Watch Spinal Motion Segment: C1-C2 (Atlantoaxial Joint) Animation

Cervical myofascial pain syndrome

Myofascial pain syndrome occurs when painful trigger points develop in the muscles and surrounding connective tissues. When this condition is primarily felt in the neck region, it is called cervical myofascial pain syndrome. In addition to having tender trigger points than can flare up when touched or during activity, muscles can become achy and stiff, and pain can spread to the head or shoulders. While cervical myofascial pain syndrome is rare, it is estimated that about one-third of people with this condition also have dizziness. 2

Watch Myofascial Pain Syndrome Video

Cervical myofascial pain syndrome has no known cause. Some suspected causes include previous injury, overuse or repetitive neck movements, poor posture, and/or stress. While the connection between this neck pain and dizziness is unclear, some evidence suggests that treating myofascial pain syndrome— such as with trigger point injections, physical therapy, or medication—can reduce both the pain and dizziness.3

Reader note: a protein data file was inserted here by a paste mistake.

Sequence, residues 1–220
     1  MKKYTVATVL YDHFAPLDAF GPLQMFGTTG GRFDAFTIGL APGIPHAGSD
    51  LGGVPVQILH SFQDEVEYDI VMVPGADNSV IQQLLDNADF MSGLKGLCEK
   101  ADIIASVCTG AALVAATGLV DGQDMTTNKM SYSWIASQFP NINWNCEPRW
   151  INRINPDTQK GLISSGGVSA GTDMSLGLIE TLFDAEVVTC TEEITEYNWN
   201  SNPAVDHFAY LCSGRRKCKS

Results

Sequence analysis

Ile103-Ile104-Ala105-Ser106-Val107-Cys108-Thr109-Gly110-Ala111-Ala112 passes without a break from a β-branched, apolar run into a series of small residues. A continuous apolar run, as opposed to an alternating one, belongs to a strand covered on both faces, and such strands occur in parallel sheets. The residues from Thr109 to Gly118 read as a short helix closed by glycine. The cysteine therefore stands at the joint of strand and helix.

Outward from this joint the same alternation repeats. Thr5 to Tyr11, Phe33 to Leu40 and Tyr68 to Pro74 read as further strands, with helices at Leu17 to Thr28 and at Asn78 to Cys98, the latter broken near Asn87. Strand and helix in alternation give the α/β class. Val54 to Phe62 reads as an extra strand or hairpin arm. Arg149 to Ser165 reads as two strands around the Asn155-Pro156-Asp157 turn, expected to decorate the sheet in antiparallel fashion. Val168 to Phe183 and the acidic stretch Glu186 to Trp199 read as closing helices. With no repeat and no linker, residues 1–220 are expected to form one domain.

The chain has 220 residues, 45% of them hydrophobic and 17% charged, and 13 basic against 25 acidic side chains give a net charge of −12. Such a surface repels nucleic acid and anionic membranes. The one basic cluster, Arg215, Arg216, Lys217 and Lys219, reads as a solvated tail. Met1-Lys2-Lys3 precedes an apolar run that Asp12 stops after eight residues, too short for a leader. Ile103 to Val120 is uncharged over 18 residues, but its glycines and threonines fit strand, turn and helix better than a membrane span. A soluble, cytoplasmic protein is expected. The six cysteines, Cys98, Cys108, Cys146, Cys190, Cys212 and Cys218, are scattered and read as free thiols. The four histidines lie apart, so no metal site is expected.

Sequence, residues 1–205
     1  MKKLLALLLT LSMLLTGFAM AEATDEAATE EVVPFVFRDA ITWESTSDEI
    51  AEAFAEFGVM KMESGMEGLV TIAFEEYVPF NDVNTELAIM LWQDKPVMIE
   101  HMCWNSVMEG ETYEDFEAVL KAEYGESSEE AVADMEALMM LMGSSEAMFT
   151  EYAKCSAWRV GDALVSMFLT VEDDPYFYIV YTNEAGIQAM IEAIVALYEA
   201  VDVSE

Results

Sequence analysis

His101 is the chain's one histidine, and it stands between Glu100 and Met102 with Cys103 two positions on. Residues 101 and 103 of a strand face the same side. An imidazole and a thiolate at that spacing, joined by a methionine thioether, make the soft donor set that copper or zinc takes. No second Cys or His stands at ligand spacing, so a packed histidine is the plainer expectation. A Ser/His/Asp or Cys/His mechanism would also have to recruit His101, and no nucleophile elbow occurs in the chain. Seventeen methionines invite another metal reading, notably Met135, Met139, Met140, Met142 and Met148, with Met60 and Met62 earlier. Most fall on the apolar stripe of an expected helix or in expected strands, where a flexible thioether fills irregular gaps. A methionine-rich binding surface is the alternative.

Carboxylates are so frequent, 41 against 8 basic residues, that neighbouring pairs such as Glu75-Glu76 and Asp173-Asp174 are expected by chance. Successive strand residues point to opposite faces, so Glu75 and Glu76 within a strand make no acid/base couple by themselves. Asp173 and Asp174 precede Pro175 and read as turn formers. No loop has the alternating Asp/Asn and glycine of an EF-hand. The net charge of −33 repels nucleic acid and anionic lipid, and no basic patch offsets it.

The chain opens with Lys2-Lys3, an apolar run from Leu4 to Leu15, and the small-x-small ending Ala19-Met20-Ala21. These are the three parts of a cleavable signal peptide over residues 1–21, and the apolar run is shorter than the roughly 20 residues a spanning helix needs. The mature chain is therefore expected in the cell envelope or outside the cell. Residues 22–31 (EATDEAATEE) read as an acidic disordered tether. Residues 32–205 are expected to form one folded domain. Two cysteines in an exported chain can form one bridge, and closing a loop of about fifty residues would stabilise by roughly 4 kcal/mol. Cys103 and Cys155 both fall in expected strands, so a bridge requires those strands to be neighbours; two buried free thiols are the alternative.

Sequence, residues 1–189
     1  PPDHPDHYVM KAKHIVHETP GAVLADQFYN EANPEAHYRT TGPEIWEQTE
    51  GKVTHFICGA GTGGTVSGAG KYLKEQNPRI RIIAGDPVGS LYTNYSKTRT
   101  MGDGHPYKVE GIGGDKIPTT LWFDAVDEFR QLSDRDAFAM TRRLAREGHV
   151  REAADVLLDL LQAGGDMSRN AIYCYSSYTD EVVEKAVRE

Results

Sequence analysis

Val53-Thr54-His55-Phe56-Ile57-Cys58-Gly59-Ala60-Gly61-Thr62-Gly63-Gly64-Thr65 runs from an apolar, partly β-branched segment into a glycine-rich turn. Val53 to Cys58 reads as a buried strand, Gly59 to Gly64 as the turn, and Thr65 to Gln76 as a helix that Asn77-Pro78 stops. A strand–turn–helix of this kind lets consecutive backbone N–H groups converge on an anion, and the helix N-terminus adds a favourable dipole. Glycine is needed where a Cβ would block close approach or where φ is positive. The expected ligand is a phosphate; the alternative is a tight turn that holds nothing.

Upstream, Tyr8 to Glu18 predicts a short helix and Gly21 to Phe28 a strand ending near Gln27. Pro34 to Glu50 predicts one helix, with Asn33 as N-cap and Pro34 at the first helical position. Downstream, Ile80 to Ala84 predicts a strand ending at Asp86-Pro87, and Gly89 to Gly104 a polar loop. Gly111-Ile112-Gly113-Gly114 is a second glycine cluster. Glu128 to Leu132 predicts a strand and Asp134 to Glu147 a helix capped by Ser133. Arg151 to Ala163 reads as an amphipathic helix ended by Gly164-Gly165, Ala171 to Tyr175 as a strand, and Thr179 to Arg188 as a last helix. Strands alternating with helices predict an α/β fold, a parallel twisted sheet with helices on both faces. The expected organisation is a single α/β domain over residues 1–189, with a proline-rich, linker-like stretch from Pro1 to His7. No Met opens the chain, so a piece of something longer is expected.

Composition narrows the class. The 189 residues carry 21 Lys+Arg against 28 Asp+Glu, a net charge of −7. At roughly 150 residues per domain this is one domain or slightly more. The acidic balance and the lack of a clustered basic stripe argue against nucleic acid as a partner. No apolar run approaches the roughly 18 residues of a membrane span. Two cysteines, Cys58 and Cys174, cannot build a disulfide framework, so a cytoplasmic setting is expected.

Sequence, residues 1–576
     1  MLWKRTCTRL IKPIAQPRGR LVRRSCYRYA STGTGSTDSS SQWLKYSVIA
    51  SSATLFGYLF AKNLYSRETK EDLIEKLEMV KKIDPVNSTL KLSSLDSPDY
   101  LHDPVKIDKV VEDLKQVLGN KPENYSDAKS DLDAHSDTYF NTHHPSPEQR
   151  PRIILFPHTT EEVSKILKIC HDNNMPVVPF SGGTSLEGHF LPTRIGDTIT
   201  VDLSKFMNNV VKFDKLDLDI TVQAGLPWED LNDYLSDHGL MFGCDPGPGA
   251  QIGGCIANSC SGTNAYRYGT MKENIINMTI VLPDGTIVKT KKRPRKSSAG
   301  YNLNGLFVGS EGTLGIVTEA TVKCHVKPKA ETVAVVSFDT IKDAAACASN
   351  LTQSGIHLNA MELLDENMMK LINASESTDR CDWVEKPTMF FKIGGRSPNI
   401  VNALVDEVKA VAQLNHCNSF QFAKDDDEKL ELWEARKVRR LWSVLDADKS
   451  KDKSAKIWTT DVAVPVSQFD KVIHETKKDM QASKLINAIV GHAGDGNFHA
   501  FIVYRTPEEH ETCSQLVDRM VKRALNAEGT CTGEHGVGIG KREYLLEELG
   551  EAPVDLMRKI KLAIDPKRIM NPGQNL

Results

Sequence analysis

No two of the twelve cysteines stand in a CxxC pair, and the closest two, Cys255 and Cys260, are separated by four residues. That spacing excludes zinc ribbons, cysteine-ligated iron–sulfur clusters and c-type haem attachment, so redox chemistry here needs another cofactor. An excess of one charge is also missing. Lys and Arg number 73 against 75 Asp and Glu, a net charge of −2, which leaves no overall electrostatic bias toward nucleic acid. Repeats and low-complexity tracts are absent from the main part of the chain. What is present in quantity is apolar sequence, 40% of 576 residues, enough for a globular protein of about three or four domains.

See Home Remedies for Neck Pain and Dizziness

When to see a doctor

Unexplained dizziness needs to be evaluated by a doctor, especially if it lingers or keeps coming back. A qualified medical professional can perform a physical exam and conduct diagnostic tests to help identify the possible cause of neck pain and/or dizziness. While there is currently no diagnostic test to prove a neck problem is causing dizziness, a doctor can narrow the list of possible causes and recommend treatments. Spinal injections and/or additional testing may help clarify the source of the pain and help improve your quality of life. When neck pain and/or dizziness are accompanied by other troubling symptoms, seek medical attention immediately. Some examples include persistent nausea, severe headache, fevers, chills, weakness, numbness, or bowel/bladder dysfunction.

See When Back Pain May Be a Medical Emergency

Learn more

What Causes Neck Pain and Dizziness?

Stretches and Exercises for Neck Pain and Dizziness